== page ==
8 Inch Subwoofers Vs. 10 Inch Subwoofersby David Lipscomb
Although the difference in usable speaker diameter is only two inches between an 8- and 10-inch subwoofer, sometimes the difference in power handling and overall attributes makes a big difference. However, since two subwoofers of identical size may be built significantly different than the next, you will find that there are more important issues involved with subwoofers than mere cone size.
Voice Coil Diameter
Eight and 10-inch diameter subwoofers will often have differently-sized voice coils. The voice coil is the metal wiring that transfers amplifier power to an electromagnetic field, causing the driver to move forward and back. Voice coil size is often directly related to power handling. Remember that although this is commonly the case, you should always pay attention to power handling and low frequency performance expressed in hertz more than simply speaker size.
Low frequency extension is measured in hertz, and you are looking for the lowest possible number. For example, a subwoofer that descends to 18 hertz produces more low visceral bass than a sub going down to 22 hertz. This is true regardless of cone area. Enclosure size in this case often makes more of an impact than driver size, due to the way speakers respond in enclosures. Larger enclosures usually assist in low frequency extension, while smaller enclosure save space but sacrifice extension. Consult the sub's documentation to see the type of enclosure for which the sub is designed.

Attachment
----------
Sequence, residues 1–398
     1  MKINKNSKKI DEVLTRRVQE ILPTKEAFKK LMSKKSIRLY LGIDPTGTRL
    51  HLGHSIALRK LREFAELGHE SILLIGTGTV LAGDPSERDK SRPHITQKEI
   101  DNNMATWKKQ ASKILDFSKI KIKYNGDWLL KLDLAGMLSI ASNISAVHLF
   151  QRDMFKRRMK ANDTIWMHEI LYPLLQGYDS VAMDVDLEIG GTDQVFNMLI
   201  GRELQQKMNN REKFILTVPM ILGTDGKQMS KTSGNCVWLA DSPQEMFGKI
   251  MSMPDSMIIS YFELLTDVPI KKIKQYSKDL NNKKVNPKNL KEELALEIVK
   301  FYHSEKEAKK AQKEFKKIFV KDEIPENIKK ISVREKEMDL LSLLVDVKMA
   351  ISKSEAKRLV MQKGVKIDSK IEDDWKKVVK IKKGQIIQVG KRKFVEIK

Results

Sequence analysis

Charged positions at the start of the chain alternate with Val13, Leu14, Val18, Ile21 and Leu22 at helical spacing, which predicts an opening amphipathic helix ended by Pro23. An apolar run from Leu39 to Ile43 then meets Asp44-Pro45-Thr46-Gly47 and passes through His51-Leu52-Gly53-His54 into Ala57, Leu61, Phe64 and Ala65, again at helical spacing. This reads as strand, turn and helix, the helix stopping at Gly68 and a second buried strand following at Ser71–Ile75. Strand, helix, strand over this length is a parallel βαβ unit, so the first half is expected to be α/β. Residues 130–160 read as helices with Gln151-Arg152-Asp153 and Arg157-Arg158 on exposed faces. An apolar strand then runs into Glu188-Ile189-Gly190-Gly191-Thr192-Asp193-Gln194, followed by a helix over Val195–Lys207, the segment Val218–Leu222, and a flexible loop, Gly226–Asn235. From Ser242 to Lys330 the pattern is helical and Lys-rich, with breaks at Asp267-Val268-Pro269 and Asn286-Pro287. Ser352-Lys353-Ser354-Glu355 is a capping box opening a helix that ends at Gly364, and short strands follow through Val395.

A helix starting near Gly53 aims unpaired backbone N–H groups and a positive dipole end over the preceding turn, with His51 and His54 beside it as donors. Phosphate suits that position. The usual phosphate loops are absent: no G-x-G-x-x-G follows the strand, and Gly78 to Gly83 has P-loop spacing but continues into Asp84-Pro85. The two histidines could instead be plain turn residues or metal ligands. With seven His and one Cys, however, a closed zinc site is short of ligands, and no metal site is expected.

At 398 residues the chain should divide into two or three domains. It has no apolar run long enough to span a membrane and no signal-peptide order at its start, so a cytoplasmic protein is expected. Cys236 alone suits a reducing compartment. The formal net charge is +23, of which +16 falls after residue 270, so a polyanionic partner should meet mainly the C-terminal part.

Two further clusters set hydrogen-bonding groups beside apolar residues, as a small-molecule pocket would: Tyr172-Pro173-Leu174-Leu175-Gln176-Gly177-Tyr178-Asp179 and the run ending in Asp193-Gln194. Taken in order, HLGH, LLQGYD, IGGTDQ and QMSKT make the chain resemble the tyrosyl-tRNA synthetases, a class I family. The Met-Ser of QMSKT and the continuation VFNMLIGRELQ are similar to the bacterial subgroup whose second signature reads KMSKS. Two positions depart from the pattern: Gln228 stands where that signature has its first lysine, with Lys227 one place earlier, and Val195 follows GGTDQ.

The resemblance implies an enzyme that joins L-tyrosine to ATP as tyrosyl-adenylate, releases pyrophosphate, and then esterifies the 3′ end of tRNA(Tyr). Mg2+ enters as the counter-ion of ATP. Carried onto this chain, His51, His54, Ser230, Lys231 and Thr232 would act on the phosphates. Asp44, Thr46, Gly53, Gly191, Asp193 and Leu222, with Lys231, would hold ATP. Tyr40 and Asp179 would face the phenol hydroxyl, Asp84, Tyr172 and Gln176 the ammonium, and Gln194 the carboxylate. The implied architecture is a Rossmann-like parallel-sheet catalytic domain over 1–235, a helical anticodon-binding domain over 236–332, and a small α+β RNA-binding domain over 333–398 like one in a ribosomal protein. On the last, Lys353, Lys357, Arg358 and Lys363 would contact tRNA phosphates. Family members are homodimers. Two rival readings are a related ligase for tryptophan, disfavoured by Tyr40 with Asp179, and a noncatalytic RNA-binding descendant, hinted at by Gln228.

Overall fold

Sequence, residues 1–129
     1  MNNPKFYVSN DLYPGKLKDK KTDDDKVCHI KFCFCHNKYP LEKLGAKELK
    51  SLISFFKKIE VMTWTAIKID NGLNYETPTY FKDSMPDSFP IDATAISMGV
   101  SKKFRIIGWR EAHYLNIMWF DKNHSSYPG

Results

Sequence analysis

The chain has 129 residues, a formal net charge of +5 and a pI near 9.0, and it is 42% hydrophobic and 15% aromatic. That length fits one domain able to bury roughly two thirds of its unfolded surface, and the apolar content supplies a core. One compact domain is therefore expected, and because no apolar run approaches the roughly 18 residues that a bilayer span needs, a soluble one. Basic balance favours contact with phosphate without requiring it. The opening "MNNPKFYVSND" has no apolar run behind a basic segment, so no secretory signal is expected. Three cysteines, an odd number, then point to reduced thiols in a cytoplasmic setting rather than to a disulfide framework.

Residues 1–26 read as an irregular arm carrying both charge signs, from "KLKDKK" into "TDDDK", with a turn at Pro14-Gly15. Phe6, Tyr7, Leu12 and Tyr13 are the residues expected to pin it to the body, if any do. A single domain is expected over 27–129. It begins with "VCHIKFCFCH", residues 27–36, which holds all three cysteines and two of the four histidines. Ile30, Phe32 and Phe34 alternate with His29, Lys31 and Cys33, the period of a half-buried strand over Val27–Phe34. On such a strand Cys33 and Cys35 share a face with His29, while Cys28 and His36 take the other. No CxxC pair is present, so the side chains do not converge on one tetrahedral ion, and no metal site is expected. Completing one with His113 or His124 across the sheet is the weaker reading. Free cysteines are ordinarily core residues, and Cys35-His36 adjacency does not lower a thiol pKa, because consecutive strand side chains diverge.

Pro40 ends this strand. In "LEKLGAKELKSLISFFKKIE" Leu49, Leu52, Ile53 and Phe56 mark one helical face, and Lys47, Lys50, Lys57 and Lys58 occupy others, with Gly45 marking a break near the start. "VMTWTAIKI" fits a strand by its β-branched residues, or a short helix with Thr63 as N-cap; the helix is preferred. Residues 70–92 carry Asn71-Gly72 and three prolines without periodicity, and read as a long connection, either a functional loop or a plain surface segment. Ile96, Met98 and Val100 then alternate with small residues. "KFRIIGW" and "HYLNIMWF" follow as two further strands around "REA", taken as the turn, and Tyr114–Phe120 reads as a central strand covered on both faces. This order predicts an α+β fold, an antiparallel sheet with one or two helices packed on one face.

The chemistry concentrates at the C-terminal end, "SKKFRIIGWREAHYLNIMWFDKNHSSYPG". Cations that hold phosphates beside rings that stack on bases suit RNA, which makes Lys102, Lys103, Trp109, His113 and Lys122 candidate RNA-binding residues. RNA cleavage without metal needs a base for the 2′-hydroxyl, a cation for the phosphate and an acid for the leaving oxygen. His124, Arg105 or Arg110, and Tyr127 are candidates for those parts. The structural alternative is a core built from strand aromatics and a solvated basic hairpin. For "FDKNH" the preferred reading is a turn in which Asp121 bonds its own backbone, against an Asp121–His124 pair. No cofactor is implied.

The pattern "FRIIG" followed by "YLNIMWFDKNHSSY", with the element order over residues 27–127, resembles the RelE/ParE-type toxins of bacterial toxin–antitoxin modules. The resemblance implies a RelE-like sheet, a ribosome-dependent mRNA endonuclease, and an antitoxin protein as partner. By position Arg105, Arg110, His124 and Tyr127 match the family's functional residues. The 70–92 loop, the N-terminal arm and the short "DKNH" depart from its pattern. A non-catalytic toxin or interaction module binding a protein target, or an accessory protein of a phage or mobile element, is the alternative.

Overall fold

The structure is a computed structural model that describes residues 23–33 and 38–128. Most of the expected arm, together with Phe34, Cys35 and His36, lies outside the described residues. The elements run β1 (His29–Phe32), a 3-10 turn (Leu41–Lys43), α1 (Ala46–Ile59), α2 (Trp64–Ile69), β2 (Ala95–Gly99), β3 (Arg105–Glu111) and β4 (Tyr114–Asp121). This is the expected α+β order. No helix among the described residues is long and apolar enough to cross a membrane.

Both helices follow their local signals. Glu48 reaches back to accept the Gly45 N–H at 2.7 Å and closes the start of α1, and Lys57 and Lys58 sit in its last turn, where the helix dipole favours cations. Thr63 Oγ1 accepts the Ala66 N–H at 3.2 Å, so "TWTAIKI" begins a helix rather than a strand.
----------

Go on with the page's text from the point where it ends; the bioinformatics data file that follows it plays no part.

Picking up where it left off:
The more power the subwoofer can handle typically translates into how far the driver can move, called excursion. This in turn translates to the amount of bass energy the subwoofer can produce. Since bass is largely a function of how much air the speaker can pressurize in a given space, it follows that the farther a speaker moves, the more air it displaces. This results in lower, more powerful bass. Given two identically built 8- and 10-inch subwoofers, in theory the 10-inch model should displace more air. Lesser subwoofers generally have lower excursion, given their weaker suspensions and materials.
In car audio, a phenomenon called cabin transfer naturally reinforces bass response. This is due to the relatively small space the listener sits in. In this environment, a single 8- or 10-inch subwoofer is sometimes indistinguishable. However in a home audio or theater environment, room size is a critical consideration. Too small of a sub and you hear little bass. Too large a subwoofer and you may either be wasting money or find the sub is harder to place. Between an 8- and 10-inch subwoofer, these considerations are too small to make a significant difference. However, adding a second identical subwoofer of either size in spaces over 3,000 square feet largely mitigate the natural peaks and valleys in bass response.